The Herald Bulletin

January 26, 2013

Pierce Burton was county’s first kids author

By Beth Oljace
For The Herald Bulletin

ANDERSON, Ind. — Over the years, Madison County has produced several authors who wrote for children.

Phyllis Reynolds Naylor, who wrote the popular Shiloh series of books, and Sanford Tousey, who wrote and illustrated books set in the western United States, are the best-known. But the first Madison County children’s author is all but forgotten today.

Charles Pierce Burton was born in Anderson, but he became famous far from Madison County. His father and mother were natives of New England. A love of writing brought his parents together. Charles’ father was a fledgling newspaperman on the North Adams Transcript who became acquainted with his mother when she wrote some schoolgirl essays for the newspaper.

After they married, they came to Indiana where Pierce Burton found work as a railroad clerk. Unfortunately, Charles’ mother never seems to have recovered from the effects of childbirth, and it became clear to her husband that she wasn’t going to live long. With a dying wife and an infant son to care for, Pierce Burton had no choice. He took his family home to Massachusetts to her family. His wife died soon after, but he remained with his in-laws and worked as a grocer, while his son was raised by his grandparents.

Young Charles roamed the area around Adams, Mass., a lonely boy from a household of adults. Immediately behind his grandparents’ house was a 200-foot ridge called Bob’s Hill, after the owner of the property. It wasn’t a real mountain, but it was enough to fire his imagination and provide adventure. He wandered the banks of the Hoosac River and the foothills of the Berkshires and dreamed. By the time he was in school, his restless father was gone again. Tiring of Massachusetts, he bought a newspaper in Alabama and then one in Illinois.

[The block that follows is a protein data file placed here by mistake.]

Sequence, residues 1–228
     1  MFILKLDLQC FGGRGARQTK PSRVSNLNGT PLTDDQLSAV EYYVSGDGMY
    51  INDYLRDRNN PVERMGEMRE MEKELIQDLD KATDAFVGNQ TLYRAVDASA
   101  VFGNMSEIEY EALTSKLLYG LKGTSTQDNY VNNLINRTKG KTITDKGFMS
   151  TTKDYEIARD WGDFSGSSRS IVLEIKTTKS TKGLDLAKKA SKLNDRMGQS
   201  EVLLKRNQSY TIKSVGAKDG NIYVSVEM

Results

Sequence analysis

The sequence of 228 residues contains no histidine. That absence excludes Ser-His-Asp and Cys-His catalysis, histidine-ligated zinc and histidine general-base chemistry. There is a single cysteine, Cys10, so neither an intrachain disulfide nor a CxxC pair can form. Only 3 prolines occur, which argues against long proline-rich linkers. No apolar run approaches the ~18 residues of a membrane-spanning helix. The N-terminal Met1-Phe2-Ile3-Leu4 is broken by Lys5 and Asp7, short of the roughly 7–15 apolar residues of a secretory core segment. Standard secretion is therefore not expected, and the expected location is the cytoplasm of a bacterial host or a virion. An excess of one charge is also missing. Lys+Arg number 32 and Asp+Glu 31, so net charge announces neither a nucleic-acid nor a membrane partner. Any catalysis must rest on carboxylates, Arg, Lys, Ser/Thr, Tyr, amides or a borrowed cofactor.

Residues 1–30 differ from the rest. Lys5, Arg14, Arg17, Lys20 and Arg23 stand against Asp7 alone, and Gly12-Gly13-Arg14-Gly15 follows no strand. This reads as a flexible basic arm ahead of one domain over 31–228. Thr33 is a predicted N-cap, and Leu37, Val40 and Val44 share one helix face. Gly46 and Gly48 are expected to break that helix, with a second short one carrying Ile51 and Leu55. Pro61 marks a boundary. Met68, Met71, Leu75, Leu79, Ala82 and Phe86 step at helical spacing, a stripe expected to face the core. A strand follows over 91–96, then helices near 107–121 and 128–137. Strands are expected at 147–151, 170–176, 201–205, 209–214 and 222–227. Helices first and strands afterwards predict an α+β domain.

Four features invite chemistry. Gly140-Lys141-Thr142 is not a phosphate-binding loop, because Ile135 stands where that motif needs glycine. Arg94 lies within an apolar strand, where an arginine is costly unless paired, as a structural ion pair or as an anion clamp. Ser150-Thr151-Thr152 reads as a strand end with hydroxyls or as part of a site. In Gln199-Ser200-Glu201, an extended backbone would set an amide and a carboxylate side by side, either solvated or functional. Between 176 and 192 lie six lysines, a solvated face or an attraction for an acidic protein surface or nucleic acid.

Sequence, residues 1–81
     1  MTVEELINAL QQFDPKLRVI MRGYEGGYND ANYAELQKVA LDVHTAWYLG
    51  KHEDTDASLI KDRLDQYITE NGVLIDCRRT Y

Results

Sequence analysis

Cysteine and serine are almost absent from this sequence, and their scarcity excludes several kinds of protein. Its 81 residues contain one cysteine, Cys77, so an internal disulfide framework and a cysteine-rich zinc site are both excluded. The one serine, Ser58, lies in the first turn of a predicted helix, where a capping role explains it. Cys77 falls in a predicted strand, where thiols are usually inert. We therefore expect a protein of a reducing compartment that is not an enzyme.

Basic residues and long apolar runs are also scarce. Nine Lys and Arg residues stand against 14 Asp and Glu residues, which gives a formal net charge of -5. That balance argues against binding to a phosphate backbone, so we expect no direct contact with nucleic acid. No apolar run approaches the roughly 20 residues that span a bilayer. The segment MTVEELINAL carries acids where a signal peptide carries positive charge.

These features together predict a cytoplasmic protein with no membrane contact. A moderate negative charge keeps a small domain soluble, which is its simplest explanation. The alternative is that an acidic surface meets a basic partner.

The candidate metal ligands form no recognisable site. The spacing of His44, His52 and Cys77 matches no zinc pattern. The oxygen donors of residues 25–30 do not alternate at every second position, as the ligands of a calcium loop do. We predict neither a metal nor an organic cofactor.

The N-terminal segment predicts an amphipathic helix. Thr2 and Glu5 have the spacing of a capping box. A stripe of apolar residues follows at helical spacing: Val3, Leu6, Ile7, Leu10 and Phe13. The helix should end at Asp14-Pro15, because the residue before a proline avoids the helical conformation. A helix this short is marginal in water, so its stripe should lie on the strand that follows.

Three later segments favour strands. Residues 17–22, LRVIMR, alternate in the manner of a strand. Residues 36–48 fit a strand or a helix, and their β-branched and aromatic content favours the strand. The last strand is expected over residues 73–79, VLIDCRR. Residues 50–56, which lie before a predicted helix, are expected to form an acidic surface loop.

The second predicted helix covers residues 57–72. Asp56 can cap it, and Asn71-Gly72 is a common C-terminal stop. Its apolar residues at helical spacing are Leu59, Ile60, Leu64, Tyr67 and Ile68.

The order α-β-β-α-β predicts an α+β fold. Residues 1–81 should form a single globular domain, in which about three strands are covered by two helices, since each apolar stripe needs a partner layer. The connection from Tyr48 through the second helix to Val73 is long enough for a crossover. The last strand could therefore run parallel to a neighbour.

Charles joined his father (who by now had a new family) in Illinois when he was 12. His father had become a respected newspaper owner, and the family lived in the Chicago suburb of Aurora. Charles went to high school, where he did well. He liked to joke that he was the brightest boy in high school class. (He was in fact the only boy in his high school class.)

He worked for his father as a printer’s devil and became a newspaperman reporter in Aurora. He also wrote essays and articles on serious business topics which were published in prestigious magazines like Harper’s. He married, and he and his wife had three children. Like most parents, he told stories to his children. Most of them were set in Adams, Mass., and the hills and streams around it.

In 1905, a chance request from a friend who was an editor changed his life. The editor remarked that he was looking for a new series of books for boys. Burton, thinking back to his childhood, said that he thought he might try to write one. Burton produced The Boys from Bob’s Hill.

The story, set in a fictionalized Adams, followed the summer exploits of eight boys who court adventure and disaster in the pursuit of fun. (Fun being loosely defined as train wrecks, landslides and the occasional forest fire.)

The book was immediately popular and Burton followed it quickly with three more Bob’s Hill books in the next few years. The fourth book, The Boy Scouts of Bob’s Hill, was perhaps the most popular of the series and was praised for its early adoption of the Boy Scout movement.

While children’s books became Burton’s ticket to fame, he was a man of many interests. For a while, he moved to northwest Indiana, where he worked for newspapers in Valparaiso and Gary. He was actively involved in supporting the New York-Chicago Air Line, a proposed straight, high-speed railway between New York and Chicago, a project that never got off the ground.

For 20 years he was the editor of Earth Mover magazine, the monthly publication of the Austin-Western Machinery Co. He developed an interest in many technical fields, and some of his later books are about mining and construction. He wrote a newspaper column for the Aurora newspaper and was in constant demand as a speaker.

The Bob’s Hill books continued to be popular. Burton published 12 in all, the last in 1939, 34 years after the first book. Some of the later books have far-away settings inspired by Burton’s own travels. (A trip to Brazil for an international exhibition gave birth to The Bob’s Hill Boys in the Andes.)

While not as popular or well-known as Tom Swift, the Bob’s Hill gang maintained a consistent audience. For years, fans of the books made pilgrimages to Adams, Mass., to see the hills, the caves and the rivers that inspired the author.

Charles Pierce Burton died in 1947 of heart disease at age 85. He was buried in Aurora, where he had lived most of his life.

If he had never left Madison County, he wouldn’t have written the Bob’s Hill books. However, it’s fun to speculate what he might have written if he had stayed. Perhaps the White River and the Indian Mounds might have become the setting for a different series of boys’ books.

The Bob’s Hill book series is still in demand by book collectors. The books have become very scarce now and used copies are listed for huge prices on the Internet.

Beth Oljace works in the Indiana Room at the Anderson Public Library. She can be reached at boljace@yahoo.com.